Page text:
Decadal trends in a coral community and evidence of changed disturbance regime
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A 23 year data set (1981–2003 inclusive) and the spatially explicit individual-based model “Compete©” were used to investigate the implications of changing disturbance frequency on cover and taxonomic composition of a shallow coral community at Lizard Island, Australia. Near-vertical in situ stereo-photography was used to estimate rates of coral growth, mortality, recruitment and outcomes of pair-wise competitive interactions for 17 physiognomic groups of hard and soft corals. These data were used to parameterise the model, and to quantify impacts of three acute disturbance events that caused significant coral mortality: 1982—a combination of coral bleaching and Crown-of-Thorns starfish; 1990—cyclone waves; and 1996—Crown-of-Thorns starfish. Predicted coral community trajectories were not sensitive to the outcomes of competitive interactions (probably because average coral cover was only 32% and there was strong vertical separation among established corals) or to major changes in recruitment rates. The model trajectory of coral cover matched the observed trajectory accurately until the 1996 disturbance, but only if all coral mortality was confined to the 3 years of acute disturbance. Beyond that date (1997–2003), when the observed community failed to recover, it was necessary to introduce annual chronic background mortality to obtain a good match between modelled and observed coral cover. This qualitative switch in the model may reflect actual loss of resilience in the real community. Simulated over a century, an 8 year disturbance frequency most closely reproduced the mean community composition observed in the field prior to major disturbance events. Shorter intervals between disturbances led to reduced presence of the dominant hard coral groups, and a gradual increase in the slow growing, more resilient soft corals, while longer intervals (up to 16 years) resulted in monopolization by the fastest growing table coral, Acropora hyacinthus.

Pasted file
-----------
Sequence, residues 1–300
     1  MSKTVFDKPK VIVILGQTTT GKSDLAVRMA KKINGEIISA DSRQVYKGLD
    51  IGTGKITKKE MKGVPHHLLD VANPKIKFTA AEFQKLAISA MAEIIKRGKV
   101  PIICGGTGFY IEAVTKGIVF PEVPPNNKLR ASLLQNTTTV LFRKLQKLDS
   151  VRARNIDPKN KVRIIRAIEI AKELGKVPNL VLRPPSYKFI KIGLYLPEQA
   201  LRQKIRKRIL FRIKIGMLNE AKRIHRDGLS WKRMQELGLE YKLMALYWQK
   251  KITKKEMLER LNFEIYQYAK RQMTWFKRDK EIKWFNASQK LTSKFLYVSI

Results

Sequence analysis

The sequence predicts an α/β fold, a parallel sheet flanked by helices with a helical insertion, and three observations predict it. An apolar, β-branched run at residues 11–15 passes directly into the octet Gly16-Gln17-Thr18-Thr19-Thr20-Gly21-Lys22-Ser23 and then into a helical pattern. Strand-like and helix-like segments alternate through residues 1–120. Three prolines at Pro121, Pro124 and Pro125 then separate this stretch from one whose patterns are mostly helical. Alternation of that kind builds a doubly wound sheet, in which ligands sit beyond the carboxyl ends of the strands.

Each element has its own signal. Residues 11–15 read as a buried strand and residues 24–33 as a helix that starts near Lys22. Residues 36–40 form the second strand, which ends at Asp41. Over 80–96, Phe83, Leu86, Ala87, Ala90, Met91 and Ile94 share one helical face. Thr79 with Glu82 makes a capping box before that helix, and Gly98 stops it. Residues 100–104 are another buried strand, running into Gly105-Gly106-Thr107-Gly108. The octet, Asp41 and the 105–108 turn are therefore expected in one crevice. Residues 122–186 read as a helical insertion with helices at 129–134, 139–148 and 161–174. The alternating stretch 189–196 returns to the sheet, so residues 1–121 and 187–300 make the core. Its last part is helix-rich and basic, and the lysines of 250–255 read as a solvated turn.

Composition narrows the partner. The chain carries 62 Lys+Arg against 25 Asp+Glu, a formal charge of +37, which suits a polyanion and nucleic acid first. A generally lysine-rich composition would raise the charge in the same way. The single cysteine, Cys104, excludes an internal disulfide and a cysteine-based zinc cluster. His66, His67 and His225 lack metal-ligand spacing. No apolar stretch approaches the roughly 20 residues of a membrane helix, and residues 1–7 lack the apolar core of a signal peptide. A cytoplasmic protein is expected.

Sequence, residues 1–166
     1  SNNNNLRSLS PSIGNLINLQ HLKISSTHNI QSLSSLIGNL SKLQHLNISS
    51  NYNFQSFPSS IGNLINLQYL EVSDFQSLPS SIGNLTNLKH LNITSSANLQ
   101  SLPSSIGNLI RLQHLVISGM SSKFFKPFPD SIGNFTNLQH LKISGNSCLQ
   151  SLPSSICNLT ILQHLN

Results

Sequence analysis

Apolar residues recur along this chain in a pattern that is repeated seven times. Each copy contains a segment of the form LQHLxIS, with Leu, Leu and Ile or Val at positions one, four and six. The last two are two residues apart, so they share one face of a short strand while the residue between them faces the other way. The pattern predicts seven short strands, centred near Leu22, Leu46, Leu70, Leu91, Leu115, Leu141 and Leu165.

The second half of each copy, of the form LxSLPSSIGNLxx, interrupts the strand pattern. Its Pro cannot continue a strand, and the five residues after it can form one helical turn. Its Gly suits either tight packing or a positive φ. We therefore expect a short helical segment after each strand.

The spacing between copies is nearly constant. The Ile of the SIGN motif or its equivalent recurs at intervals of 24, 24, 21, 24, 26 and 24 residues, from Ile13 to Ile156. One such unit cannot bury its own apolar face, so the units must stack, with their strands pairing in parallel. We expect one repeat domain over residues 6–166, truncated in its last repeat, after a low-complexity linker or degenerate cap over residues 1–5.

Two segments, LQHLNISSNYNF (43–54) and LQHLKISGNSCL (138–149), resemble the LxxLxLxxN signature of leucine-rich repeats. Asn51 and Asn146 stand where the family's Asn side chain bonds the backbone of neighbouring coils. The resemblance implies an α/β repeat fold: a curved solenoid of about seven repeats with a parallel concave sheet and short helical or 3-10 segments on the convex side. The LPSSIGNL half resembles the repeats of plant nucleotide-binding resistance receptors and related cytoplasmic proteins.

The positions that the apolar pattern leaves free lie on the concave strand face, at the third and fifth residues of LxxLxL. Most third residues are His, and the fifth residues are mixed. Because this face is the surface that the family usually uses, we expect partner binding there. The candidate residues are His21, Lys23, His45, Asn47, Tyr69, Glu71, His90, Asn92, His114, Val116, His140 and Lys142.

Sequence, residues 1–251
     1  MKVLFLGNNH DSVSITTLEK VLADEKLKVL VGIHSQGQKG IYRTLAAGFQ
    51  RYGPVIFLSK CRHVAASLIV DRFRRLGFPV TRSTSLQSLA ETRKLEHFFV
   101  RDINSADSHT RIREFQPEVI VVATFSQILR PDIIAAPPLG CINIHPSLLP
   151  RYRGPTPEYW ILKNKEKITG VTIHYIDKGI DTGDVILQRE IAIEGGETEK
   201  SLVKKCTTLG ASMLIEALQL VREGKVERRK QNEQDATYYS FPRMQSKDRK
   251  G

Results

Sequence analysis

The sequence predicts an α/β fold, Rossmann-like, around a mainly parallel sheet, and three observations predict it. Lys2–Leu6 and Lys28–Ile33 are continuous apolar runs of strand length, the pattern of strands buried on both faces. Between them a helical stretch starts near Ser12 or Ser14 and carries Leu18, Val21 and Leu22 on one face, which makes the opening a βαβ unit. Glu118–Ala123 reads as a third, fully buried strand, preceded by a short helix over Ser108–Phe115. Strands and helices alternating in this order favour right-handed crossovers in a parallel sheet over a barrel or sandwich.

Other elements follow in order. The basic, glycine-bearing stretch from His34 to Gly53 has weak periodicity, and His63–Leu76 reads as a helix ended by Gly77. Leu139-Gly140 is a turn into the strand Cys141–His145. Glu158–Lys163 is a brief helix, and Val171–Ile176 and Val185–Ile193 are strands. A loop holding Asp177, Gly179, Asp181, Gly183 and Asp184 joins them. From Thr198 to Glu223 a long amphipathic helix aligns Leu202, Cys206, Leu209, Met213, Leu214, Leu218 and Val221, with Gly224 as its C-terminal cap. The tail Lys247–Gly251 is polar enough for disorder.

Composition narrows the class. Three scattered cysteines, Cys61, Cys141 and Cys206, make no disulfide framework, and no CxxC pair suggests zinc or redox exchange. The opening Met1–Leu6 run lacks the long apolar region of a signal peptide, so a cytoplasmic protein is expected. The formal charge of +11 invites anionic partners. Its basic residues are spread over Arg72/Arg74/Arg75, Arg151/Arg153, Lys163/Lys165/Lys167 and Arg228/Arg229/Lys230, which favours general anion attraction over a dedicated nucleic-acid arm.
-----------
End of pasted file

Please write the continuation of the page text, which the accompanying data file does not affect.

KeywordsResilience Chronic disturbance Community structure Climate change Diversity
Coral reefs are among the world’s ecosystems most at risk from global change, both climate related and from direct pressures of human over-exploitation and pollution (Kinzie and Buddemeier 1996; Hoegh-Guldberg 1999; Kleypas et al. 1999; Hughes et al. 2003). Events that kill extensive areas of coral reefs are increasing in frequency and intensity and include coral bleaching (Hoegh-Guldberg 1999; Kleypas et al. 1999), outbreaks of coral-eating predators (Seymour and Bradbury 1999) and disease (Harvell et al. 2002; Rosenberg and Ben-Haim 2002). In addition, deteriorating coastal water quality can also threaten reef health (Wilkinson 1999; McCulloch et al. 2003).
Coral reefs have evolved within this spectrum of disturbances, with variation in the type, scale, intensity and frequency of disturbance all playing a major role in determining community dynamics and structure (Connell 1978; Huston 1985). Much research has focussed on the response of reefs to disturbance, and in particular whether hard corals recover to approximate the communities that existed prior to disturbance (Pearson 1981; Connell 1997) or whether there is a switch to alternative states dominated by macro-algae, soft corals, or “barren” grounds characterised by coralline and filamentous algae (Done 1992; Hughes 1994; Knowlton 1992; Wooldridge et al. 2005). Scientists predict a continued increase in disturbance frequency with dire consequences for coral reefs (Hoegh-Guldberg 1999; Kleypas et al. 1999; Hughes et al. 2003). It is predicted that most coral reef systems will be experiencing near-annual bleaching events that will exceed the extent of the 1998 bleaching event by the year 2040 (Hoegh-Guldberg 1999). However, a detailed understanding of how coral reefs might respond to changing patterns of coral mortality is unclear.
An indication of likely future changes in coral reefs under altered environmental conditions and disturbance regimes may be gained by investigating changes in the recent past. In particular, it would be valuable to understand past variability in the trajectories of coral cover and composition, and to understand the relative roles of key ecological processes, such as recruitment, growth, survivorship and competition, in driving that variability. In this study, a coupled-lattice model of an area of reef was built and tuned to closely match the observed trajectory of the study area in the period 1981–2003. This provided a basis to understand the role of the various ecological and disturbance processes in structuring the community, and to investigate possible futures for this area in coming decades.